Will Shakespeare is about to meet the girl who will change his life forever. After a mixed-up courtship with the Hathaway sisters ends badly, Will jumps at the chance to go to London, where he can pursue his dream of becoming an actor. There, Will meets the unusually tall (and strong) Meg who has earned the nickname “Long Meg” for her height. She’s also fleeing her own past as an orphan turned thief. Disguised as “Mack,” Meg was once a member of a band of boy thieves who betrayed her. When Will is robbed by those same villains, Meg disguises herself as “Mack” again–telling Will that Mack is her twin brother–in order to help Will recover his money. As Mack, she finds true friendship with Will. But is there more? And who is Meg really fooling with her disguise?
What ensues is a tale involving love triangles, mistaken identities, and the pursuit of hapless villains, as Shakespeare becomes a key player in a lively drama that could have sprung from his own pen.
Thanks to NetGalley and Bloomsbury USA Children’s Books for this eARC! This title will be released on July 30th.
I will make an admission here: I am an English major who hates Shakespeare. Well, most Shakespeare, except for Twelfth Night and a few others. So when I found out Lisa Klein had written a ya novel about how Shakespeare came up with the plot for Twelfth Night, I jumped on it. Sadly, what I found was mostly a trite and overwrought story that left me laughing at it’s weirdness in the end–and not in a good way.
The book opens up with a LOT of telling. (you know, in the show vs. tell fashion that most writers hear about at some point.) We get the complete background on Meg and Will, which reads more like a bio than a piece of writing meant to engage a reader. True, Meg has a really interesting background, as her father died in prison and her mother went mad with grief, thinking she’d killed him, then killed the priest she was sleeping with to try and relieve his debts before jumping off a warf. Will’s is stitched together from historical fact, all about his father and blah blah blah. I found myself skipping ahead just to get to a point where something actually happened. Then Will falls in love with the younger Hathaway sister, sleeps with the older one by mistake and runs off to London to stand for his soon-to-be-imprisoned father in court. There he meets Meg, once a thief, now a tavern maid, who is unusually large for her age. Will is robbed by some of Meg’s old companions, and Meg becomes “Mack,” Meg’s “twin brother,” in order to help him get his money back. If you’ve read Twelfth Night, you can put together a lot of what happens after that. If not … so much confusion ensues.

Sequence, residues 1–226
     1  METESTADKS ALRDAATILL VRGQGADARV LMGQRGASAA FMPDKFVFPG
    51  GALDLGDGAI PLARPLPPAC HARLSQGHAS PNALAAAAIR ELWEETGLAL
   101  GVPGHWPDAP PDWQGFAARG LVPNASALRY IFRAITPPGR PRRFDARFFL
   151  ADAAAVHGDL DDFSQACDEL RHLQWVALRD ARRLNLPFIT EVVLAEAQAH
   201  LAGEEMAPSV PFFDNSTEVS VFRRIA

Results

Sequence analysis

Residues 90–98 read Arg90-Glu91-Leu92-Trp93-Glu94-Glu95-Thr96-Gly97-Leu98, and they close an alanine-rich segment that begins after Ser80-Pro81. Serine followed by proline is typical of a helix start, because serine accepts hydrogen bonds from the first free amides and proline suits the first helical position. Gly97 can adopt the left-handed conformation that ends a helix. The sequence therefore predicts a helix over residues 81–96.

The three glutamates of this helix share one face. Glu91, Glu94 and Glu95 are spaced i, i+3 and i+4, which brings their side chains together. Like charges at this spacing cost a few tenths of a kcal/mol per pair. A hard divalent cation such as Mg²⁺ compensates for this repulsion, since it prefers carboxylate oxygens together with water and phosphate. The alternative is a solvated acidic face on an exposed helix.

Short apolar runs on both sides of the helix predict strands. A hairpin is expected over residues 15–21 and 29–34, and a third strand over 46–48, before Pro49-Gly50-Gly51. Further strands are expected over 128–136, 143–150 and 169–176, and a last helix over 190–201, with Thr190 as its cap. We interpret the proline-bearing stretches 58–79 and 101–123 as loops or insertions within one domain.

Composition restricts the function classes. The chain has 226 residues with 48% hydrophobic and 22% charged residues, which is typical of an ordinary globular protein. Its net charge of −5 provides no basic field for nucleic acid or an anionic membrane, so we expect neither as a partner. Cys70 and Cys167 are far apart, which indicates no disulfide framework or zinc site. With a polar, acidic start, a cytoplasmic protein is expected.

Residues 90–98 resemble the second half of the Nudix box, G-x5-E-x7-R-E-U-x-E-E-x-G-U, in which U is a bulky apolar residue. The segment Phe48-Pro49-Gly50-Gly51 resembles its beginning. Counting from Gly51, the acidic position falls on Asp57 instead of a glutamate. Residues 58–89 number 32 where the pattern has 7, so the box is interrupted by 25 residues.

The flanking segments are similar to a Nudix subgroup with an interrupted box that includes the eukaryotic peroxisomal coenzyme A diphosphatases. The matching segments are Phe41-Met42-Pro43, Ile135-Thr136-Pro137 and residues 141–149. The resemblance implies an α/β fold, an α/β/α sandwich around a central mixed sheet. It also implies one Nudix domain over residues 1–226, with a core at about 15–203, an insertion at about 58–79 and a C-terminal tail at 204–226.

I’ve mentioned that the beginning was slow, but even more than that, the language used was overwrought. I can tell Klein was trying to use English as Shakespeare and his companions would have spoken it, but it didn’t work for me. I’ve read a lot of historical fiction, and I’ve seen people use older English in ways that isn’t clunky, but this … didn’t work. I was bored and the characters seemed like cartoons from a melodrama instead of people I wanted to relate to. Because of this, I disliked most of the characters from the start, from the overly dramatic Violetta to the overly boisterous Overby and the overly stereotypical faux-villains, who were more like something out of a dark Three Stooges.
The one shining character in all this, who kept me going through the entire book, was Meg. Her ingenuity got her out of a dark hole when her parents died, her loyalty was fierce and her heart was good and righteous at all times. Sometimes, yes, she did feel a little overly righteous, but I was pretty ok with it all most of the time. Her confusion between her identities of Mack and Meg were more than comical–it was serious and it was real. It was her personality and inner struggles that kept me going, even when all the other characters had me ready to put the book down and DNF it.
This also includes Will Shakespeare. As a main character, he was clumsy, naive and bland. He had moments of genius, but those ideas could only work if Meg was right there, pushing them along. I understand that Meg and Will’s friendship was the main point of this book, but it started seeming like Will was incapable of doing anything unless Meg was secretly pushing it from behind.
All in all, I was not impressed by this book. I thought the plot was crazy and overdone–and in the end got so confusing I wasn’t sure how it even worked out. The characters were mostly irksome, except for the one shining light that was Meg. If you’re a real lover of Twelfth Night, then this might interest you out of parody’s sake, but otherwise I’d suggest getting this one for the library if you’re at all interested.